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TFC select De Rosario in MLS re-entry draft

Toronto FC thought long and hard about bringing Dwayne De Rosario home.

The team’s all-time leading scorer, DeRo has won everything there is to win in MLS. But the former league MVP is 35 and made a whopping US$654,300 last season. Plus he left Toronto on bad terms in 2011.

In the end, the conclusion was the attacking midfielder would be a welcome asset if he were to agree to a new role and reduced contract number.

It seems everyone is on the same page, with Toronto choosing the former D.C. United star in Stage 2 of the MLS re-entry draft Tuesday.

The move came after some careful discussion.

“Tim B (general manager Tim Bezbatchenko) and I got on the phone with Dwayne a couple of weeks ago and had a good hour conversation about what it is he wants to do, what happened here (in his first stint) and where we’re trying to go,” Maple Leafs Sports & Entertainment boss Tim Leiweke told The Canadian Press on Tuesday.

“And we aired it all out.”

The next step was for De Rosario to speak to manager Ryan Nelsen, to hear his vision for the future.

While Toronto had yet to get his signature on a contract as of the re-entry draft announcement, Leiweke talked as if a deal was all but done.

“I think (Bezbatchenko) and Dwayne and Dwayne’s agent did a very good job of trying to find a fair deal,” he said. “And to Dwayne’s credit, he understands that if this is about winning, we had to have enough room left within our (salary) cap to add a couple more pieces here.

“And I believe they have found a deal that will do that … A lot of credit to Dwayne. He probably could get paid more elsewhere. But he chose to come to Toronto because he likes what we’re building here. And boy is that a change.

“For a guy that left because he didn’t like what we were doing, to come back because he likes what we’re doing, I think says an awful lot about Tim B and Nellie and the job they’ve done this off-season.”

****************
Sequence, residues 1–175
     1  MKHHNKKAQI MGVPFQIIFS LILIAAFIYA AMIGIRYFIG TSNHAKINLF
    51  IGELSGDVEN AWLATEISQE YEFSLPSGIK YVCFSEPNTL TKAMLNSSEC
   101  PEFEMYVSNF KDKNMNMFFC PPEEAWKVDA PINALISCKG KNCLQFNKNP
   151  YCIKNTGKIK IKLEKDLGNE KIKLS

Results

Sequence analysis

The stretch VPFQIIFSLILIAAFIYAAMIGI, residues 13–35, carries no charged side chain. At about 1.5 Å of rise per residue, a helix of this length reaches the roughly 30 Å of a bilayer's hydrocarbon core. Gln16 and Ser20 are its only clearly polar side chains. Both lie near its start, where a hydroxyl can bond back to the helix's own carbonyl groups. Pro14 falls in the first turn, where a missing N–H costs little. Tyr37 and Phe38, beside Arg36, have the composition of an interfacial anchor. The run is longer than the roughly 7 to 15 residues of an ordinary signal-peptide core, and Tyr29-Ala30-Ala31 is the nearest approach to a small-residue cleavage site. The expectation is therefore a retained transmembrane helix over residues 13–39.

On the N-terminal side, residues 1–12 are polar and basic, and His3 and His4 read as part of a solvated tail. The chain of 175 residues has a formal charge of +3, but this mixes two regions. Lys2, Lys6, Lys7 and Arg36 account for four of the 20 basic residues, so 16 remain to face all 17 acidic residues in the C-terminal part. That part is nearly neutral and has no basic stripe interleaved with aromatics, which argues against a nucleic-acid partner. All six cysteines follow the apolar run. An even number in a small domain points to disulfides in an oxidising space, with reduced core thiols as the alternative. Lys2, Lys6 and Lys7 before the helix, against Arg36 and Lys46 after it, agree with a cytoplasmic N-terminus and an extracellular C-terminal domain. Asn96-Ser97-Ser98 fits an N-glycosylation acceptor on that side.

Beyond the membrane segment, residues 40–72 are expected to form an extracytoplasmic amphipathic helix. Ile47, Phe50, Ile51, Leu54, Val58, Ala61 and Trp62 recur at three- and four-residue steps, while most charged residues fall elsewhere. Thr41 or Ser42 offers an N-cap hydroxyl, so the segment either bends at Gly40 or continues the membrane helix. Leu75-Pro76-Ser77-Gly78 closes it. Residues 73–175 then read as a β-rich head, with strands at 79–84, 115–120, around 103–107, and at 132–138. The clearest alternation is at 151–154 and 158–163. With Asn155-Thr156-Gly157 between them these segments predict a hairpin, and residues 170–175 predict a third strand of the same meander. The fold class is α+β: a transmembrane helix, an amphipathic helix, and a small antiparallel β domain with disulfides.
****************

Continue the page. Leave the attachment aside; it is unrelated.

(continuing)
Teams have seven days to make a “bona fide offer” to players selected in Stage 2 of the re-entry draft. If an agreement can’t be reached, the club holds the right of first refusal for that player in MLS.

De Rosario became available when D.C. United opted not to pick up his option at the end of the season. Playing for the league’s worst team in 2013, the Canadian had three goals and two assists in 24 games.

De Rosario currently ranks sixth on the all-time MLS scoring list with 103 goals.

Contrast that with the current TFC roster, which has a combined 37 career MLS goals.

Money has played a key role in De Rosario’s history with Toronto.

In his first go-round at Toronto, he made US$443,750 in 2010 while fellow Canadian Julian de Guzman made $1.7 million as a designated player.

It seemed an inequity to everyone but Toronto FC, with player and club disagreeing whether there had been an agreement to rewrite his contract.

De Rosario shone a spotlight on his money concerns when he celebrated a goal in a 3-2 home loss to the San Jose Earthquakes in September 2010 by pretending to sign a cheque.

He later apologized for the move, which Tom Anselmi, then MLSE executive vice-president and COO, called disappointing and unacceptable.

Two games into the 2011 season, he was traded to the New York Red Bulls.

The De Rosario selection Tuesday was the latest in a flurry of TFC moves.

Brazilian striker Gilberto is on board as a designated player with England and Spurs striker Jermain Defoe expected to announce his allegiance in the January transfer window.

Toronto has also acquired MLS experience in the form of Brazilian midfielder Jackson and defender Justin Morrow while picking up draft picks in trading away the rights of goalkeeper Stefan Frei and midfielder Bobby Convey.

Toronto is not looking for DeRo to be the face of the team. That job will fall to its final designated player signing — read Defoe, if all goes well.

De Rosario’s role on the field will likely be that as a third striker, while playing a veteran’s role in the locker-room.

Signing DeRo would be seen by many local fans as righting a past wrong. It also helps signal that Toronto is a worthy destination.

As Nelsen said at the Gilberto signing, players look to the future rather than the post. Which is good considering Toronto’s MLS record since De Rosario was traded away is 16-50-34.